For expatriate academic staff arriving at the University of Science and Technology, Kumasi in the early 1970s, the greatest recreational joy was undoubtedly the outdoor Olympic-size swimming pool. To plunge into its cool water after a hot and humid day at work seemed like a life-saving necessity. However, as time went by with its accompanying acclimatisation, thoughts turned to alternative ways of spending leisure hours. It was then that membership of the University Horse Society came under consideration as an invigorating way of leaving the campus and exploring the surrounding bush.
Like Accra, Kumasi had a fully functioning horse racing track that had its origins in colonial times. Apart from racing, and a polo club in Accra, horses were not much used in the south of Ghana. Horses and donkeys were still used by farmers in the north and it was traditional for northern village chiefs to be mounted on ceremonial occasions. The University Horse Society acquired its horses from Kumasi race track and recruited northern horsemen as stable staff.
The horse society thrived in the 1970s. However, as most of the members were expatriates its fortunes waned as the numbers of foreign professors and lecturers declined. Local people took little interest in the recreations of their former colonial masters, and by the early 1980s, neither the horse society nor the swimming pool was functioning. Many who were there a decade earlier took full advantage of both recreational facilities.
The university campus in Kumasi extends to about 18 square kilometres. Much of this land was cultivated by the Faculty of Agriculture and there were extensive plantations of cocoa, coffee and oil palm. The oil palm plantations were laid out in square blocks separated by long wide fire breaks. These flat tracks of mown grass provided excellent opportunities for the old race horses to stretch their legs again in a full gallop that provided the high point of an evening ride on a working day. On weekends, however, with more time available, more extensive rides off-campus became possible.
Foreigners who only travel by motor vehicle along the main roads of Ghana see only towns and villages that line the road side. It may come as a surprise to some to learn that there remain many villages that lie deep in the bush, reached only along footpaths. These settlements were seldom visited by foreigners but the residents were as welcoming as most other Ghanaians. To reach them on horseback after a long trek through the bush was to re-capture some of the excitement experienced by explorers in earlier centuries. Emerging from dense forest, riders often burst unexpectedly into village clearings and both children and adults flocked to see the horses and greet the riders.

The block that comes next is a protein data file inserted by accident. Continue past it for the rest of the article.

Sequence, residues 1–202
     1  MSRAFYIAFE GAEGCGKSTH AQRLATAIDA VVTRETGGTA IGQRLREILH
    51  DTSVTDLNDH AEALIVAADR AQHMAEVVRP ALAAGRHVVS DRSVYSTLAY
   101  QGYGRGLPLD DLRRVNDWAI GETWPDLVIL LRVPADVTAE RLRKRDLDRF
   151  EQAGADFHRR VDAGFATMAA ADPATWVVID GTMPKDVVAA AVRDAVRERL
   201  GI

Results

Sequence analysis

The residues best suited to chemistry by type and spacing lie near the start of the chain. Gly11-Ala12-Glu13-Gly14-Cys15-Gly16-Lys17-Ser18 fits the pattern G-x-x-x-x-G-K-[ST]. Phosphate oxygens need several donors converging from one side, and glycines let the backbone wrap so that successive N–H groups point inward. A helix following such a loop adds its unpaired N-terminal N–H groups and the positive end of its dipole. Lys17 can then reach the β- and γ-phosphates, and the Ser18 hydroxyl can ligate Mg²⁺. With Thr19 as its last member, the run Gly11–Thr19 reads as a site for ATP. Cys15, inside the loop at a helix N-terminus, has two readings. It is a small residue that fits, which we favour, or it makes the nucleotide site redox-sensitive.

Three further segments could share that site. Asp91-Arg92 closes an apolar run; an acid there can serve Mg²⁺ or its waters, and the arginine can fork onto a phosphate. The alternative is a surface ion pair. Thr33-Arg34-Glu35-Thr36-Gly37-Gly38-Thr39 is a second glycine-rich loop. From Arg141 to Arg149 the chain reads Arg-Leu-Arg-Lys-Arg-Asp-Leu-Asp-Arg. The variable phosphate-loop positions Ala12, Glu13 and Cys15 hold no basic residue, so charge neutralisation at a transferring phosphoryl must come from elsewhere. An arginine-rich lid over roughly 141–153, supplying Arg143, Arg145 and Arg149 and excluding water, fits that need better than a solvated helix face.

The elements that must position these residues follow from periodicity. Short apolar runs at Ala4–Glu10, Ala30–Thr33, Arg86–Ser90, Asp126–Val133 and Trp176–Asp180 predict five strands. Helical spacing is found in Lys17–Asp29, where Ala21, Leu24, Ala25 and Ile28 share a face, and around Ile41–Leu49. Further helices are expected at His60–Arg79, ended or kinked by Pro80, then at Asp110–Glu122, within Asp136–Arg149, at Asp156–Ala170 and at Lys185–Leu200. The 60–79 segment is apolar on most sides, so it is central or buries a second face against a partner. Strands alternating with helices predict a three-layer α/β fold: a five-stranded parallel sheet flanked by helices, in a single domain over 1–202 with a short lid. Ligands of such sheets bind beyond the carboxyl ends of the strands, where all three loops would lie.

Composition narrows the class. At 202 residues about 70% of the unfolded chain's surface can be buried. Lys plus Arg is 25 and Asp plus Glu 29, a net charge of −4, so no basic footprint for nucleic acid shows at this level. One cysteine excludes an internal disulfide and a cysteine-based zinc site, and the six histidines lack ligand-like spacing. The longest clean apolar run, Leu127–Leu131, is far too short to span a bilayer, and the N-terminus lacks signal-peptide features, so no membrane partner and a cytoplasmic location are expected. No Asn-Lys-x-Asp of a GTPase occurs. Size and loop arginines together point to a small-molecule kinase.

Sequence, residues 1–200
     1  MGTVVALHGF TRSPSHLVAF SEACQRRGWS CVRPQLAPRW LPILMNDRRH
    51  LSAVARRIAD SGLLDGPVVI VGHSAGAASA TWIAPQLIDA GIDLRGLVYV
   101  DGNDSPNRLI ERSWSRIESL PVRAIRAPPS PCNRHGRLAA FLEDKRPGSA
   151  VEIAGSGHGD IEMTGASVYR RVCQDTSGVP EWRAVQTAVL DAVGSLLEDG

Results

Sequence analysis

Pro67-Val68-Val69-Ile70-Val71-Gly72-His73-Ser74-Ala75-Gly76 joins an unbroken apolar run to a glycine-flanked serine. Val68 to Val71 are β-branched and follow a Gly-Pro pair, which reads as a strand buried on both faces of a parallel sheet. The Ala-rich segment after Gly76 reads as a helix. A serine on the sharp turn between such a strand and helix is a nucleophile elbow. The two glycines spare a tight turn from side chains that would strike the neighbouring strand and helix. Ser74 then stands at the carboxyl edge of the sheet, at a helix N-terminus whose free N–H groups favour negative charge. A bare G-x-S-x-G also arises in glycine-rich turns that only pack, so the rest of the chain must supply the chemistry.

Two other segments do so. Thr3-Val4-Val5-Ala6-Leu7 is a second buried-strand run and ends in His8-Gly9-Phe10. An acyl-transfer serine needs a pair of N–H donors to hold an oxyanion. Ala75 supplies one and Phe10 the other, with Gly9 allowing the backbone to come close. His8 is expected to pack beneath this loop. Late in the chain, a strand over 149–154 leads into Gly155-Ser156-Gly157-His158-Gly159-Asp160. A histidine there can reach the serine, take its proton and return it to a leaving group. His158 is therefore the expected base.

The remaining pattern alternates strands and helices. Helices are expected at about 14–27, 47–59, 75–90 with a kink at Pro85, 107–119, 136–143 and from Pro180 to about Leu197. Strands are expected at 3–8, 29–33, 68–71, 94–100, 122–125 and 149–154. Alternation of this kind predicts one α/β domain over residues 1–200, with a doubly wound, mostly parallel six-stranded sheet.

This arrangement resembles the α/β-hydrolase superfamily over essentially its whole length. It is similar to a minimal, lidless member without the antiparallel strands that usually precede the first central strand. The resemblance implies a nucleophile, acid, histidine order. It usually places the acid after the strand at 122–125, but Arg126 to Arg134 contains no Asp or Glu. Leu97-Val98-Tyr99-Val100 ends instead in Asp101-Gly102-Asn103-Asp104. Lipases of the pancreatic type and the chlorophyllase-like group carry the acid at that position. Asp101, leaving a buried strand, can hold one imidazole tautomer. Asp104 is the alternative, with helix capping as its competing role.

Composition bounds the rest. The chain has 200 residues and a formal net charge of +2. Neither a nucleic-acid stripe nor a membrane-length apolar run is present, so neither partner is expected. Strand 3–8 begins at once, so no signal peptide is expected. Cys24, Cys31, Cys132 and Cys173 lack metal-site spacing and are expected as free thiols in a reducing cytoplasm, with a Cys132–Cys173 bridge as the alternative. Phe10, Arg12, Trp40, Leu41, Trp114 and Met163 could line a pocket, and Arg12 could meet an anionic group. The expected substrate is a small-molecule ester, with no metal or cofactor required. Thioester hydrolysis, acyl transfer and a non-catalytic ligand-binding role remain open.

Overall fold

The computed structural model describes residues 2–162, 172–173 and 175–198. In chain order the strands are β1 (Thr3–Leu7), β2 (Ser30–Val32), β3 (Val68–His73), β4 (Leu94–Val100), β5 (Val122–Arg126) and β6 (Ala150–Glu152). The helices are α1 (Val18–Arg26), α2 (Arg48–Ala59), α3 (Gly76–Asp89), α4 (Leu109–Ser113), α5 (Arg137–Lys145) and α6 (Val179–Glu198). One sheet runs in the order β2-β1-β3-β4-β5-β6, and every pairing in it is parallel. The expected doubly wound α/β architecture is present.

Riding in the bush was not always easy but it was always rewarding. Hazards included fallen trees, swollen streams and snakes. Fallen trees varied widely in size: those too big to be stepped over or jumped forced turning back, unless they had lain long enough for a circumventing footpath to have developed. Similar distinctions applied to streams: many that could be waded in the dry season, in the rainy seasons became swollen floods that prevented further progress.
Fallen trees and swollen streams could be seen by riders but the snakes were usually seen, or sensed, only by the horses. Often when riding in the bush a horse would stop and no amount of urging would induce it to move on. All the rider could do was sit and wait, usually for several minutes. At length the horse would move on, presumably when it sensed the danger had moved away. Only occasionally would a rider actually see a snake and it may well have been that there were other perceived dangers that stopped the horses. Fear of snakes was certain however, because a horse encountering a rubber hose pipe lying in its path for the first time would react in the same way.
If there were natural hazards there were also delights. One day, riding across a clearing, riders noticed crows circling around and attacking a large fluffy owl chick that had evidently fallen onto the ground from its high nest in a tree. One rider dismounted and collected the young owl and another rider carried it safely back to the stables, taking care to avoid any contact with its already fearsome beak and claws. A few weeks later, after the owl had been reared to maturity by an amateur ornithologist, it was carried back into the bush and released.
Anyone visiting the Kwame Nkrumah University of Science and Technology in the twenty first century will be relieved to find that the swimming pool has been restored to its former glory. It would be pleasing to hear that the Horse Society had also been revived and that intrepid academics were once more venturing deep into the bush.